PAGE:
summary Computer Applications in Architecture is emerging as an important aspect of our profession. The field, which is often referred to as Computer-Aided Architectural Design (CAAD) has had a notable impact on the profession and academia in recent years. A few professionals have predicted that as slide rules were replaced by calculators, in the coming years drafting boards and parallel bars will be replaced by computers. On the other hand, many architects do not anticipate such a drastic change in the coming decade as present CAD systems are supporting only a few integral aspects of architectural design. However, all agree that architecture curricula should be modified to integrate CAAD education.

In 1992-93, in the Department of Architecture of the 'School of Architecture and interior Design' at the University of Cincinnati, a curriculum committee was formed to review and modify the entire architecture curriculum. Since our profession and academia relate directly to each other, the author felt that while revising the curriculum, the committee should have factual information about CAD usage in the industry. Three ways to obtain such information were thought of, namely (1) conducting person to person or telephone interviews with the practitioners (2) requesting firms to give open- ended feed back and (3) surveying firms by sending a questionnaire. Of these three, the most effective, efficient and suitable method to obtain such information was an organized survey through a questionnaire. In mid December 1992, a survey was organized which was sponsored by the School of Architecture and Interior Design, the Center for the Study of the Practice of Architecture (CSPA) and the University Division of Professional Practice, all from the University of Cincinnati.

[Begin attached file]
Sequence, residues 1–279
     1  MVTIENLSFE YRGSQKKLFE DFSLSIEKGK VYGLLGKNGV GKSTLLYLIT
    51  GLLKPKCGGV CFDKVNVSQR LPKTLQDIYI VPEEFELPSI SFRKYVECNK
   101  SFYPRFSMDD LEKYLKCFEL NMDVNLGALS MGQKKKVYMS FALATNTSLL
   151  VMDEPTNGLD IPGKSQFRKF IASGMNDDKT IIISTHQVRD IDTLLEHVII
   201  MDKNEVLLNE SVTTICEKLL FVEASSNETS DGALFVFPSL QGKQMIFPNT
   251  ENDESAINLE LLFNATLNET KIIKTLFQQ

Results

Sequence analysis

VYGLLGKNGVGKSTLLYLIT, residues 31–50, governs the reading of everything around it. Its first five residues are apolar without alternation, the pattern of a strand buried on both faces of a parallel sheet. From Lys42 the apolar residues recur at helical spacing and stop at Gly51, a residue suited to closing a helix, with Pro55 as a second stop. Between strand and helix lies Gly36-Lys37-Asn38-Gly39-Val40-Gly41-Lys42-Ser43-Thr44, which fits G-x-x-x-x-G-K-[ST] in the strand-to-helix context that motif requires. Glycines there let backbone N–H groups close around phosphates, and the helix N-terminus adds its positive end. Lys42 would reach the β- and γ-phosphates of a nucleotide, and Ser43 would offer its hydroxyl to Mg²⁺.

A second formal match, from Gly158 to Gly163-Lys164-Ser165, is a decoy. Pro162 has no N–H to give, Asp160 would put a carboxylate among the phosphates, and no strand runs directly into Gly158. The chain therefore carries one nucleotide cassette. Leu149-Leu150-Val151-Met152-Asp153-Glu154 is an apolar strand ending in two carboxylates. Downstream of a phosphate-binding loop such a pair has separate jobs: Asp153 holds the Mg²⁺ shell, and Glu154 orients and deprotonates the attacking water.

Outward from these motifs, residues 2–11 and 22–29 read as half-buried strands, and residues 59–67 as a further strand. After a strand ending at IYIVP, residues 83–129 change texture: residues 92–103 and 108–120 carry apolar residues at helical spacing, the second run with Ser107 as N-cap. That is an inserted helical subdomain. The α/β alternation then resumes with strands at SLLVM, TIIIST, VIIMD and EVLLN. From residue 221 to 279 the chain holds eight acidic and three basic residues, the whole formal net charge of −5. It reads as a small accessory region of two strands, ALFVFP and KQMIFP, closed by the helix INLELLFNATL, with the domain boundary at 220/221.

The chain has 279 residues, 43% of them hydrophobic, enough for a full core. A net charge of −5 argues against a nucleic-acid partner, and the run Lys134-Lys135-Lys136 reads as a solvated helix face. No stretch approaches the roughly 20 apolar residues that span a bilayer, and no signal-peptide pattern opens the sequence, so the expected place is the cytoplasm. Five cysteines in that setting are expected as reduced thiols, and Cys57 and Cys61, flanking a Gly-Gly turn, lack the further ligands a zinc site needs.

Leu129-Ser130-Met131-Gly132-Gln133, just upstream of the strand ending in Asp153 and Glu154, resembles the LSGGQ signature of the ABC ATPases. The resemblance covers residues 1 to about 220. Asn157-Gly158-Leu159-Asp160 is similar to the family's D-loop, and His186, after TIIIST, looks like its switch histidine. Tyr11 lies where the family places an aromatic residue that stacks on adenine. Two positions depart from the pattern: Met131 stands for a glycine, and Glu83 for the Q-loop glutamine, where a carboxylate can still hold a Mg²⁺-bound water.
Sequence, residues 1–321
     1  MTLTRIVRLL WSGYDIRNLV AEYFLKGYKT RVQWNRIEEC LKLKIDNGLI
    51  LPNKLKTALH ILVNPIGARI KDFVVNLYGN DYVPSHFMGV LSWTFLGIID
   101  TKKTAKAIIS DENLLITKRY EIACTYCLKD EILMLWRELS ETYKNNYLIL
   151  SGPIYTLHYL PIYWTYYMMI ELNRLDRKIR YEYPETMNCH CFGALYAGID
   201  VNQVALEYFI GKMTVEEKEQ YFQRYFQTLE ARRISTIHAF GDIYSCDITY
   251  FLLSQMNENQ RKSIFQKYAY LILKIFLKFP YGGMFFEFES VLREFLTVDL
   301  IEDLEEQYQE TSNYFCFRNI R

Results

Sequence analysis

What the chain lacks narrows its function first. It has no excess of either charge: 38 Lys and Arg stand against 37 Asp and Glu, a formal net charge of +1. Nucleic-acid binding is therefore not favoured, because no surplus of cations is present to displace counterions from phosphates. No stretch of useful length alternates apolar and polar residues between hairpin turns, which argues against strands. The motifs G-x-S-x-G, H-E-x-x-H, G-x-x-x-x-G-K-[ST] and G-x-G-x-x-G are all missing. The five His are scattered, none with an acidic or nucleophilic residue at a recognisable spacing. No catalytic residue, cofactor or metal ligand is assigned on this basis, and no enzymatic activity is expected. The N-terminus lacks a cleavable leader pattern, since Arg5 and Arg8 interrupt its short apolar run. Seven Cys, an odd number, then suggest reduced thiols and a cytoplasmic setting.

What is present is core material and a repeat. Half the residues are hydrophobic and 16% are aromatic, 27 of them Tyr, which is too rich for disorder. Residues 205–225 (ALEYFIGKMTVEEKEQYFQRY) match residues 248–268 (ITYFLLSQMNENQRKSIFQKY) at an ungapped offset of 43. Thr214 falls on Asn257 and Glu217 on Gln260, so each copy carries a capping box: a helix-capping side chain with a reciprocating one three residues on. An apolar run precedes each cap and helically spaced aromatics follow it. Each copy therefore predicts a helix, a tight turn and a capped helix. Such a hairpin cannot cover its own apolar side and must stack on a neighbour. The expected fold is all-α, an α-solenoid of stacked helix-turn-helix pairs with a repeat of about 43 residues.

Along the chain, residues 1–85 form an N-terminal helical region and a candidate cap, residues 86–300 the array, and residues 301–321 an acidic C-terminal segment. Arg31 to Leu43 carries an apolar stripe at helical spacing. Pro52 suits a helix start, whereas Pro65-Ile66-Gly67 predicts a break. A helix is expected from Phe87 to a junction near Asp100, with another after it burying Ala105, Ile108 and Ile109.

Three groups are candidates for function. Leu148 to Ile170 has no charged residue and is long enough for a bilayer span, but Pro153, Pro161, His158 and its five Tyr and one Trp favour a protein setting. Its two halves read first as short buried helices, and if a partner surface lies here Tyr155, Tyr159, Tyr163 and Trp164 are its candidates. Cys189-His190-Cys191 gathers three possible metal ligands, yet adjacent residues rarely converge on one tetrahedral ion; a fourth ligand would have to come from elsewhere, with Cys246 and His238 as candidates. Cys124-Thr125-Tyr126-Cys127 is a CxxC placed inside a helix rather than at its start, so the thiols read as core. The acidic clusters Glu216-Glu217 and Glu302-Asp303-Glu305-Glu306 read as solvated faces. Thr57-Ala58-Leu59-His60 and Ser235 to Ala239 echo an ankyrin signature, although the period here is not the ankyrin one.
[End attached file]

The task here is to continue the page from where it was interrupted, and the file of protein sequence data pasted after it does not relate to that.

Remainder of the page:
This chapter focuses on the results of this survey. A brief description of the survey design is also given. In the next section a few surveys organized in recent years are listed. In the third section the design of this survey is presented. The survey questions and their responses are given in the fourth section. The last section presents the conclusions and brief recommendations regarding computer curriculum in architecture.

series ACADIA
last changed 1999/02/25 09:25

_id 6d34
authors Kensek, Karen and Noble, Doug (Eds.)
year 1992
title Mission - Method - Madness [Conference Proceedings]
source ACADIA Conference Proceedings / ISBN 1-880250-01-2 ) 1992, 232 p.
summary The papers represent a wide variety of exploration into the uses of computers in architecture. We have tried to impose order onto the collection by organizing them into six sessions: Metaphor, Mission, Method, Modeling for Visualization, Modeling, and Generative Systems. As with any ordering system for such a diverse selection, some session papers are strongly related while others are loosely grouped. Madness, an additional session not in the proceedings, will include short presentations of work in progress. Regarding the individual papers, it is particularly exciting to see research being conducted that is founded on previous work done by others. It is also interesting to note that half of the papers have been submitted by teams of authors. Whether this represents "computer supported cooperative work" remains to be seen. Certainly the work in this book represents an interesting and wide variety of explorations into computer supported design in architecture.
series ACADIA
last changed 1999/03/29 13:51